The early kings were pagan, together with much and perhaps by this time all of the population. Sledd’s son Sebert converted to Christianity around 604 and St Pauls Cathedral in London was established. On Seberts death in 616 his sons renounced Christianity and drove out Mellitus, the Bishop of London. The kingdom re-converted after St Cedd, a monk from Lindisfarne and now the patron saint of Essex, converted Sigeberht II the Good around 653.
In AD 824, Ecgberht, the King of the Wessex and grandfather of Alfred the Great, defeated the Mercians at the Battle of Ellandun in Wiltshire, fundamentally changing the balance of power in southern England. The small kingdoms of Essex, Sussex and of Kent, previously independent albeit under Mercian overlordship, were subsequently fully absorbed into Wessex.
The later Anglo-saxon period shows three major battles fought with the Norse recorded in Essex; the Battle of Benfleet in 894, the Battle of Maldon in 991 and the Battle of Assandun (probably at either Ashingdon or Ashdon) in 1016. The county of Essex was formed from the core area, east of the Lea, of the former Kingdom of the East Saxons in the 9th or 10th centuries and divided into groupings called Hundreds. Before the Norman conquest the East Saxons were subsumed into the Kingdom of England.
After the Norman Conquest
Having conquered England, William the Conqueror initially based himself at Barking Abbey, an already ancient nunnery, for several months while a secure base, which eventually became the Tower of London could be established in the city. While at Barking William received the submission of some of England’s leading nobles. The invaders established a number of castles in the county, to help protect the new elites in a hostile country. There were castles at Colchester, Castle Dedingham, Rayleigh, Pleshey and elsewhere. Hadleigh Castle was developed much later, in the thirteenth century.
After the arrival of the Normans, the Forest of Essex was established as a Royal forest, however, it is important to note that at that time, the term was a legal term. There was a weak correlation between the area covered by the Forest of Essex (the large majority of the county) and the much smaller area covered by woodland. An analysis of Domesday returns for Essex has shown that the Forest of Essex was mostly farmland, and that the county as a whole was 20% wooded in 1086.
After that point population growth caused the proportion of woodland to fall steadily until the arrival of the Black Death, in 1348, killed between a third and a half of England’s population, leading to a long term stabilisation of the extent of woodland. Similarly, various pressures led to areas being removed from the legal Forest of Essex and it ceased to exist as a legal entity after 1327, and after that time Forest Law applied to smaller areas: the forests of Writtle (near Chelmsford), long lost Kingswood (near Colchester), Hatfield, and Waltham Forest.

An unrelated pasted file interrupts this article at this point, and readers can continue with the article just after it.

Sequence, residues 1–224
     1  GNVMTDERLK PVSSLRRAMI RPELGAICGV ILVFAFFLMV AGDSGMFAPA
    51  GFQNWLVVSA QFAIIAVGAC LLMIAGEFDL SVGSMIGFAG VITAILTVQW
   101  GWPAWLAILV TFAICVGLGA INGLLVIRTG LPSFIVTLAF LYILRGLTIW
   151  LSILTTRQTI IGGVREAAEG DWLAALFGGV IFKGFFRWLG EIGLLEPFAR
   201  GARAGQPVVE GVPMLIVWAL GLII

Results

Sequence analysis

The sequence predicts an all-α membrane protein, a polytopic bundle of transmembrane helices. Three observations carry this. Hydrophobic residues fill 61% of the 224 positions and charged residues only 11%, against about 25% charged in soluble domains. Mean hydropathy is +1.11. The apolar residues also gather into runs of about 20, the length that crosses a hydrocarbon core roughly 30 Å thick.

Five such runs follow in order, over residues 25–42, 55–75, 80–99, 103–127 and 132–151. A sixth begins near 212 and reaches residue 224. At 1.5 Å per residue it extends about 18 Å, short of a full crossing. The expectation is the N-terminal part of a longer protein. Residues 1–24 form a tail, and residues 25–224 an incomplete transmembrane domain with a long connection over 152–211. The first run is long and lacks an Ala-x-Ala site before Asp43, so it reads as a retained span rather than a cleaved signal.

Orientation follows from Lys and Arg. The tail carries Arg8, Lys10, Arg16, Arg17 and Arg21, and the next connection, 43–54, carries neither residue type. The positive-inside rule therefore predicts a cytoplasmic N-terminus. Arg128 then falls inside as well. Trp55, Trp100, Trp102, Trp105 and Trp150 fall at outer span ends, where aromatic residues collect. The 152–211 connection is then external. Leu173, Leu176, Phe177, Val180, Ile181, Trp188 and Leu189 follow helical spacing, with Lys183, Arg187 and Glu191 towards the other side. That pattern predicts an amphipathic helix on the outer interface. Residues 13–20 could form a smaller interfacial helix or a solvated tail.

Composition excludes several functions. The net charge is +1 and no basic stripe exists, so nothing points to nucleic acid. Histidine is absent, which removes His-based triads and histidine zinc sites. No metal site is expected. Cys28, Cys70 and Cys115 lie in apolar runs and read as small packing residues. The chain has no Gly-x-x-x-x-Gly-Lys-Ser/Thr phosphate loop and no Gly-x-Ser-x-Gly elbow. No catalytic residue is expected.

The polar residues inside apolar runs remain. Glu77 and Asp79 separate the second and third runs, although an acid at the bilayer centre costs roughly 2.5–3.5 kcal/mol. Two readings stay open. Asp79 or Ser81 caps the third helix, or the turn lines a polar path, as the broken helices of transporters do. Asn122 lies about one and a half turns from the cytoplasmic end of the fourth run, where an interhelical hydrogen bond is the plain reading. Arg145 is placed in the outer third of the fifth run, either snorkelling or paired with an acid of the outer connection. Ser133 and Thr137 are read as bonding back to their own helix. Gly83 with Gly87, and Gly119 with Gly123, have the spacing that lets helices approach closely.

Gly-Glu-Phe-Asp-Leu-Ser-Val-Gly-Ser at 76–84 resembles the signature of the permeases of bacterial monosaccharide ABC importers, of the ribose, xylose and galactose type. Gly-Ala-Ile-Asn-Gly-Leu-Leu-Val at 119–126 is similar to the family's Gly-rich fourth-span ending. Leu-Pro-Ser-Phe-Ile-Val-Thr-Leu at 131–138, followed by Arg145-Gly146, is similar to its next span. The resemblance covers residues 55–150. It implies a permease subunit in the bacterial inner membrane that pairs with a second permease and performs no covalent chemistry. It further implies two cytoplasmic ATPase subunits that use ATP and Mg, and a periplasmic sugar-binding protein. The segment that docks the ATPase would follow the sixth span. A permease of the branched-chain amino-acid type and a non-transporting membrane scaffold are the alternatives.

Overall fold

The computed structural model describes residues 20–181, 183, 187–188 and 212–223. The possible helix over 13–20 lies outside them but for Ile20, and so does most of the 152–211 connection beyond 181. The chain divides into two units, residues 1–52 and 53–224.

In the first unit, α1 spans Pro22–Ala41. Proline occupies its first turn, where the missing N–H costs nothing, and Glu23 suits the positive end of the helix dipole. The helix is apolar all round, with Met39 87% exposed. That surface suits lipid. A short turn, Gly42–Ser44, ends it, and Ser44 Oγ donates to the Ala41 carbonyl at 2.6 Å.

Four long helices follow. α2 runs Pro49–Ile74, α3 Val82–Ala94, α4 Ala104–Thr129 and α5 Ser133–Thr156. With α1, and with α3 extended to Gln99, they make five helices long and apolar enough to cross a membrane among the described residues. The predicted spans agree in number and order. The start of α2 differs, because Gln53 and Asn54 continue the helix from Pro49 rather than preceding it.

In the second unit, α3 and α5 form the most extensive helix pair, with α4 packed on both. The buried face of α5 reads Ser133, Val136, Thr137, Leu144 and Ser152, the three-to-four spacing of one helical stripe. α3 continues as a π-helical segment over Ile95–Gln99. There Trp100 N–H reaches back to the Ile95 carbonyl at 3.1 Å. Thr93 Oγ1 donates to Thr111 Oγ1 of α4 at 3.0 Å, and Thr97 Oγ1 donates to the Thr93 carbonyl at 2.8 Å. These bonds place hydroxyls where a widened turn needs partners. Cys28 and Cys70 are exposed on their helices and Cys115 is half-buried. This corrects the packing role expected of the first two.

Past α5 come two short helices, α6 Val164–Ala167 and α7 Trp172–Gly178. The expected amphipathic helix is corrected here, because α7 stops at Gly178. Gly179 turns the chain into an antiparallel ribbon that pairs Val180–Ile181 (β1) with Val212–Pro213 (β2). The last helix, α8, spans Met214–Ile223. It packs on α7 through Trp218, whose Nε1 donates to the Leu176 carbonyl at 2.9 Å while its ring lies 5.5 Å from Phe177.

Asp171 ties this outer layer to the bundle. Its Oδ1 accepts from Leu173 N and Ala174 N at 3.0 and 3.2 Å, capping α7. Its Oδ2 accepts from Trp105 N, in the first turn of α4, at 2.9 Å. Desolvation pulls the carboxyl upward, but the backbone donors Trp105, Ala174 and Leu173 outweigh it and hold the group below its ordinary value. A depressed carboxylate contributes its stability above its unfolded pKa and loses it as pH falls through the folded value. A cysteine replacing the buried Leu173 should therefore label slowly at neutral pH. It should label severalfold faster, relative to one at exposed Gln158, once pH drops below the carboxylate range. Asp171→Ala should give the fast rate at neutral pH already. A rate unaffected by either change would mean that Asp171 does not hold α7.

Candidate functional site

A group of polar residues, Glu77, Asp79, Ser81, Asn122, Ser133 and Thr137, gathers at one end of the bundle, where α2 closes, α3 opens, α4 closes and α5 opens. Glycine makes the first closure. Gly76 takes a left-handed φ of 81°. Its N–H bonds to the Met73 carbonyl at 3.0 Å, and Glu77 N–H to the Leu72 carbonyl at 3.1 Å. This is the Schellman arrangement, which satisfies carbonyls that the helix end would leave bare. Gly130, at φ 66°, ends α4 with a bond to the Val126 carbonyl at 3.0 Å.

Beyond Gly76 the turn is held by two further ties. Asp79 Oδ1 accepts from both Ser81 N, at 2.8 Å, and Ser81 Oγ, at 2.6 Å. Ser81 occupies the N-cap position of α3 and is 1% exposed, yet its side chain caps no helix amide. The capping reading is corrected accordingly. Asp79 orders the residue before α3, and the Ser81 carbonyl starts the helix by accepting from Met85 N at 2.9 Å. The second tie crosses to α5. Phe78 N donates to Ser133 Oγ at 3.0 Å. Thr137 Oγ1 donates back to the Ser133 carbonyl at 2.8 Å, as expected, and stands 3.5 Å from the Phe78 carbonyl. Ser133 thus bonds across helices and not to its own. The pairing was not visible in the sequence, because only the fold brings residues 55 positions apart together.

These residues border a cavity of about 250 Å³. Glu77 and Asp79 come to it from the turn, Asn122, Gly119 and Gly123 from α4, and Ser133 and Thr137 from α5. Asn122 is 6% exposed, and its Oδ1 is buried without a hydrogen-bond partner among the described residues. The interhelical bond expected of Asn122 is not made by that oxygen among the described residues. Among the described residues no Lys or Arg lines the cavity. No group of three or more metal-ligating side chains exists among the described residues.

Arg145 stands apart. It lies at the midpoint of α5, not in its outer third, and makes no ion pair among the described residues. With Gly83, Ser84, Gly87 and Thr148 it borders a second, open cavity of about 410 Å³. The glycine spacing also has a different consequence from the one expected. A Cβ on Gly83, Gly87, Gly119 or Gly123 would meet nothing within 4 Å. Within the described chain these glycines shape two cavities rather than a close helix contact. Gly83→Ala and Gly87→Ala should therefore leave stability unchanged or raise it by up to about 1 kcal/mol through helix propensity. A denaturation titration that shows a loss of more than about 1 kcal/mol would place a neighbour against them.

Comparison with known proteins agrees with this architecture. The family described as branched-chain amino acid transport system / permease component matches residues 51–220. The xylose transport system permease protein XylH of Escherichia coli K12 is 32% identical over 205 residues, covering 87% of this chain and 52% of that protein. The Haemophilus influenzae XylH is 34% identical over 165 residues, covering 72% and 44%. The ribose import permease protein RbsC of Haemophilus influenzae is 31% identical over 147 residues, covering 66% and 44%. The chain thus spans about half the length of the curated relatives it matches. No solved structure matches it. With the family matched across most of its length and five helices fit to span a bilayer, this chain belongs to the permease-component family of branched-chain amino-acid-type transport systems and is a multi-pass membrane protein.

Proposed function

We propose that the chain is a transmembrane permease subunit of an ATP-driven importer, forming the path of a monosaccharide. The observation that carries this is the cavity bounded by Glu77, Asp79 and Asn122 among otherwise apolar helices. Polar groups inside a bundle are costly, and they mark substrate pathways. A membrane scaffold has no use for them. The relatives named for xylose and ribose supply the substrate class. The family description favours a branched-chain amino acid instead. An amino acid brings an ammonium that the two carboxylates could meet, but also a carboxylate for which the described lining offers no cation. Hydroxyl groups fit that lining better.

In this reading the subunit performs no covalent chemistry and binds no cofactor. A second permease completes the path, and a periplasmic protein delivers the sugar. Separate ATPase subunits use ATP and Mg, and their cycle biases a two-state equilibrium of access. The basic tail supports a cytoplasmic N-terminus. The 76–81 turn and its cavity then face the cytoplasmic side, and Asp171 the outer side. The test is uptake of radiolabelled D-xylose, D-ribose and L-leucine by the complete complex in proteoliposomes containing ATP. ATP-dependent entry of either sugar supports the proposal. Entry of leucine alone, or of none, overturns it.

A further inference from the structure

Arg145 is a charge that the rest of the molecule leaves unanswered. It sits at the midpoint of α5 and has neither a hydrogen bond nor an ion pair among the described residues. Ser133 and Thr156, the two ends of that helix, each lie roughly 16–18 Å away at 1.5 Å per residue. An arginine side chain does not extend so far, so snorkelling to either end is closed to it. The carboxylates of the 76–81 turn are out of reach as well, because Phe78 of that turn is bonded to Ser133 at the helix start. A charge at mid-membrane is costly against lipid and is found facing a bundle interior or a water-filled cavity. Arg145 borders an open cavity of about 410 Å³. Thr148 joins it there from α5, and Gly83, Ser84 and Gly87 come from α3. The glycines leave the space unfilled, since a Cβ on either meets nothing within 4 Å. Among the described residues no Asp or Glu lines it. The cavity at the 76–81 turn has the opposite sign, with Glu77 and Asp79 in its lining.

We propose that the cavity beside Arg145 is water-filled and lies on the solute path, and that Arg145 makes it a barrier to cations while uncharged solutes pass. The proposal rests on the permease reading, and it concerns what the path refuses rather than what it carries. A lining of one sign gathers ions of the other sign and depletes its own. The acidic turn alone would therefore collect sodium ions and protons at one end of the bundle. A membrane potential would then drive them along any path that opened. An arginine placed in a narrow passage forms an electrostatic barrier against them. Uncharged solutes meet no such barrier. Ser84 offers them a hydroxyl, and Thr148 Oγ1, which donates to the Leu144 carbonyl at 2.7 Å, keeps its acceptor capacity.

Waltham Forest had covered parts of the Hundreds of Waltham, Becontree and Ongar. It also included the physical woodland areas subsequently legally afforested (designated as a legal forest) and known as Epping Forest and Hainault Forest).
In 1588 Tilbury Fort was chosen as the focal point of the English defences against King Philip II’s Spanish Armada, and the large veteran army he had ordered to invade England. The English believed that the Spanish would land near the Fort, so Queen Elizabeth’s small and relatively poorly trained forces gathered at Tilbury, where the Queen made her famous speech to the troops.
"I know I have the body of a weak, feeble woman; but I have the heart and stomach of a king, and of a king of England too, and think foul scorn that Parma or Spain, or any prince of Europe, should dare to invade the borders of my realm; to which rather than any dishonour shall grow by me, I myself will take up arms, I myself will be your general, judge, and rewarder of every one of your virtues in the field."
Essex, London and the eastern counties backed Parliament in the English Civil War, but by 1648, this loyalty was stretched. In June 1648 a force of 500 Kentish Royalists landed near the Isle of Dogs, linked up with a small Royalist cavalry force from Essex, fought a battle with local parliamentarians at Bow Bridge, then crossed the River Lea into Essex.
The combined force, bolstered by extra forces, marched towards Royalist held Colchester, but a Parliamentarian force caught up with them just as they were about to enter the city’s medieval walls of Colchester, and a bitter battle was fought but the Royalists were able to retire to the security of the city walls. The Siege of Colchester followed, but after ten weeks starvation and news of Royalist defeats elsewhere led the Royalists to surrender.